The Undiscovered Self: With Symbols and the Interpretation of Dreams
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The Undiscovered Self: With Symbols and the Interpretation of Dreams

4.08 of 5 stars 4.08  ·  rating details  ·  221 ratings  ·  14 reviews
These two essays, written late in Jung's life, reflect his responses to the shattering experience of World War II and the dawn of mass society. Among his most influential works, "The Undiscovered Self" is a plea for his generation--and those to come--to continue the individual work of self-discovery and not abandon needed psychological reflection for the easy ephemera of m...more
ebook, 160 pages
Published January 12th 2012 by Princeton University Press (first published September 10th 1990)
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A lot of people are giving kudos to Symbols and the Interpretation of Dreams, but the truly profound resides in The Undiscovered Self. While Jung is a brilliant psychologist, he brings forth his knowledge of the Church, the State - notably dictatorships, and the dichotomy of his time between the East and West to make for a truly mind blowing read that delves into the importance of the self and individual within the masses as well as lays out an important definition and emphasis on the unconsciou...more
Two great works in one. I used to keep a dream diary but prefer these days to just sleep it off and maybe make a note if something stays in the mind afterwards. One dream I've never forgotten and didn't even need to make a note of. I was in a brightly-lit field and a group of young women were singing in a circle and playing with flowers. Then suddenly a funeral procession came by - six men carrying a coffin, all dressed in black. It stopped, and the man leading it came up to me and showed me a r...more
It's been a while since I read this, but everyone should if not in your studies for yourself.
Mar 09, 2007 Erica rated it 5 of 5 stars  ·  review of another edition
Recommends it for: someone who wants an intelligent book on dream interpretation
this beats those "dream analysis for dummies" books anyday!
Symbols and The Interpretation of Dreams was great! It is easy to read and so fascinating about the impact of universal archetypes on our psyche. This part would be worthwhile for anyone to read, not just people interested in psychology.

However, The Undiscovered Self is something to labor through, probably only for psychology students in a course. I can’t say I wasn’t warned though considering the introduction gives readers the red flag that Jung insisted on writing in English himself, as oppos...more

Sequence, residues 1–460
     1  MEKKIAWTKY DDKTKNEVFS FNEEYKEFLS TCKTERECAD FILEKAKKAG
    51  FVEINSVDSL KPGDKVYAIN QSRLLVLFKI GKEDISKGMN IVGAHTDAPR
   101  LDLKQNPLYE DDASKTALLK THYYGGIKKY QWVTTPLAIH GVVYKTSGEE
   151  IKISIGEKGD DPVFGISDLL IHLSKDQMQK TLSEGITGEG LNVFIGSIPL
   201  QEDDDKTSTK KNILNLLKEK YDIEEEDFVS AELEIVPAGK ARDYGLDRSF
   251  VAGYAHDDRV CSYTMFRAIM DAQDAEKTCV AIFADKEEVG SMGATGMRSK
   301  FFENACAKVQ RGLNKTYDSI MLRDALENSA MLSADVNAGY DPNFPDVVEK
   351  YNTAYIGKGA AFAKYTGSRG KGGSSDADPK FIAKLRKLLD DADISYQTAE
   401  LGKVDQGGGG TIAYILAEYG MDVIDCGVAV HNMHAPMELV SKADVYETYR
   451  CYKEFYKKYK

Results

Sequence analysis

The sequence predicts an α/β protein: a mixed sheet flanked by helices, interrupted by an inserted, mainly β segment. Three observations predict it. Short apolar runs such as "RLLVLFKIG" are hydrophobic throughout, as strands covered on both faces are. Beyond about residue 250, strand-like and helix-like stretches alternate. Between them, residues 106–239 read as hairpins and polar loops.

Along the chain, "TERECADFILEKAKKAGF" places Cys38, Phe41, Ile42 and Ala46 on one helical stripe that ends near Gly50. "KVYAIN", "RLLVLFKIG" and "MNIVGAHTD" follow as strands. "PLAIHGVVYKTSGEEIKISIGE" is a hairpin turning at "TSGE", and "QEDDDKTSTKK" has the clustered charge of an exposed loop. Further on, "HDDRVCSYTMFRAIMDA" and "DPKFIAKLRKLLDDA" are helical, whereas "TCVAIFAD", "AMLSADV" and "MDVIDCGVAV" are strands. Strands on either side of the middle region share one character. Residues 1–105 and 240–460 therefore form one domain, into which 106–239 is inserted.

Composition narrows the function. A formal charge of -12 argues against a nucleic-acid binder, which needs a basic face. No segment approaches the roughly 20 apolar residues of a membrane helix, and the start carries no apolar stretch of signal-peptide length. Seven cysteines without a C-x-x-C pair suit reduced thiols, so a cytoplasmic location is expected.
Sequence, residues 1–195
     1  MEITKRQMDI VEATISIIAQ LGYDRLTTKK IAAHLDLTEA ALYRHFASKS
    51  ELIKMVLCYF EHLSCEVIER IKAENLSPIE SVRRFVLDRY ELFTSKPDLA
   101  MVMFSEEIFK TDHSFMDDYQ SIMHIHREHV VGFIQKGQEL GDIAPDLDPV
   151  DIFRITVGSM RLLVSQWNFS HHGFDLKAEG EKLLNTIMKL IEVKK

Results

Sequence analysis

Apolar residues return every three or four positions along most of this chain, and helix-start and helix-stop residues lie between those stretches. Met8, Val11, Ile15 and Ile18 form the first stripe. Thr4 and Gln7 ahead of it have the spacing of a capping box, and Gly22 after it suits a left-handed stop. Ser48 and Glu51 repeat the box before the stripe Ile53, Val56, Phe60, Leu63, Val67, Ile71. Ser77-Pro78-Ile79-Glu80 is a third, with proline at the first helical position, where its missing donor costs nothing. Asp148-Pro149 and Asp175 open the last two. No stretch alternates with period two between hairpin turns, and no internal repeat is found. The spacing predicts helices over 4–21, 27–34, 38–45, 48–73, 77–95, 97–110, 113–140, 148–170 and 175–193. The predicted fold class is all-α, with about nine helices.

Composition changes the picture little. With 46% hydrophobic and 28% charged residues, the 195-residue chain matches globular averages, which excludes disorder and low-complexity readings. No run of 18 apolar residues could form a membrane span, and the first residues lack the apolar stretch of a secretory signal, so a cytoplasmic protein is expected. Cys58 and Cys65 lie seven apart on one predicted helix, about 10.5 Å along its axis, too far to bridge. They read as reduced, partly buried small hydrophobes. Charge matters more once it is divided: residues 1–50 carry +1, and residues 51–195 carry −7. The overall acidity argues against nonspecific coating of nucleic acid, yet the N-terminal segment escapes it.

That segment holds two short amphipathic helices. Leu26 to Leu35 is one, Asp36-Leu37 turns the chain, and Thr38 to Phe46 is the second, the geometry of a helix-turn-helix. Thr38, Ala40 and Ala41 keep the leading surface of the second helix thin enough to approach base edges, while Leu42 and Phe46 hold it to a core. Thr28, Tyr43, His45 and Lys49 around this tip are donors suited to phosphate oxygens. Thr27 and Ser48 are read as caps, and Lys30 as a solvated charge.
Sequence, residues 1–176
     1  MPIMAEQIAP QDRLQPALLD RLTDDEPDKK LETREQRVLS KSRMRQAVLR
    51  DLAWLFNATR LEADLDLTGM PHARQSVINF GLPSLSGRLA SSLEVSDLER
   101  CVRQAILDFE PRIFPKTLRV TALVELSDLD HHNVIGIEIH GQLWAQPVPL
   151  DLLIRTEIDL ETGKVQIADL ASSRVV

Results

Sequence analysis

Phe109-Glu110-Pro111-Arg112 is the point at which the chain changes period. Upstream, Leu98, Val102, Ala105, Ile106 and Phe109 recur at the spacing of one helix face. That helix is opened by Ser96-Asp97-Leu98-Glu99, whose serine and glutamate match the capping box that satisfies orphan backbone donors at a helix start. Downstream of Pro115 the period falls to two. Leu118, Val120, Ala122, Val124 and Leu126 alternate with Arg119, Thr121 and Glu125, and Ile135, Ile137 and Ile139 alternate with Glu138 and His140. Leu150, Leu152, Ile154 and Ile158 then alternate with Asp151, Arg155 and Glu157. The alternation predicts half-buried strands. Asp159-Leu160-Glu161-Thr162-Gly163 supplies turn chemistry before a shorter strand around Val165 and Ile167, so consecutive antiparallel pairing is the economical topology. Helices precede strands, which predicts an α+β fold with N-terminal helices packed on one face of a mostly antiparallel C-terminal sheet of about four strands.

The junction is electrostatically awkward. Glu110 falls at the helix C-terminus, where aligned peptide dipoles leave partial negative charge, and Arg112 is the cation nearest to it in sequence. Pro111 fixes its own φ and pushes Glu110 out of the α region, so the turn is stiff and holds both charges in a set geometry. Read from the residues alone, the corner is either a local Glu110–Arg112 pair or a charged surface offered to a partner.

Kevin Fuller
In his little book 'The Undiscovered Self', C.G. Jung describes the problem of science vs. religion. For modern man, science has become the preferred language of experience. Every thing must be measured by length, mass, charge and time to be useful, and what falls outside these categories becomes irrational and superfluous. The Church on the other hand simply asks men to have more Faith when confronted with such questions as 'why is there so much evil in the world'? Or 'why is there seemingly no...more
I actually liked the second part of this book (an added revision, I believe). The Undiscovered Self was thought-provoking but Symbols and the Interpretation of Dreams was even more beautiful and inspiring. So grateful to this man.
Jung is one of those authors where I feel better when I read his work. This one is no exception.
Andrew Donnachie
Emerge from the other side of this soul-stopper with indifference if you can. Yet another life-changing gem of transpersonal thought dynamics from the master of exposing what is beyond the self yet magnetized to and complimentary to it's essence. Jung has an uncanny knack of dropping physics in the shit and leaving physicists exposed in an embarrassing and compromising position out of which an explanation seldom will their frantic clawing gain them any purchase.
Jung is a bit difficult to read so this book of excerpts seemed like a good place to start with him. The last portion on dreams was especially interesting - how the same dream could have different meanings for different people and how there are some symbols that are pretty common. Includes examples!
Andrew Latham
While I didn't always follow everything Jung was saying here (I in fact skipped large chunks whenever he talked about religion, as the points have since been done to death), I appreciated his explanation of the unconscious and how powerful it is in regard to the self we know as "me."
jung is not for the faint of heart or those unwilling to get muddy and wrestle......alot. My inner journey and external life seem to be running in tandem, creating some pretty interesting and challenging concentric spirals.
Luke Halpin
Had to read The Undiscovered Self twice before I got it but when I did it became one of those life changer books. Not giving this set 5 stars because I can't remember if I liked it or not. Maybe I'll revisit it.
Dispelled previous perceptions of my dreams.
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Carl Gustav Jung (/jʊŋ/; German: [ˈkarl ˈɡʊstaf jʊŋ]; 26 July 1875 – 6 June 1961), often referred to as C. G. Jung, was a Swiss psychiatrist and psychotherapist who founded analytical psychology. Jung proposed and developed the concepts of extraversion and introversion; archetypes, and the collective unconscious. His work has been influential in psychiatry and in the study of religion, philosophy,...more
More about C.G. Jung...
Memories, Dreams, Reflections Man and His Symbols The Undiscovered Self Modern Man in Search of a Soul The Archetypes and the Collective Unconscious (Collected Works 9i)

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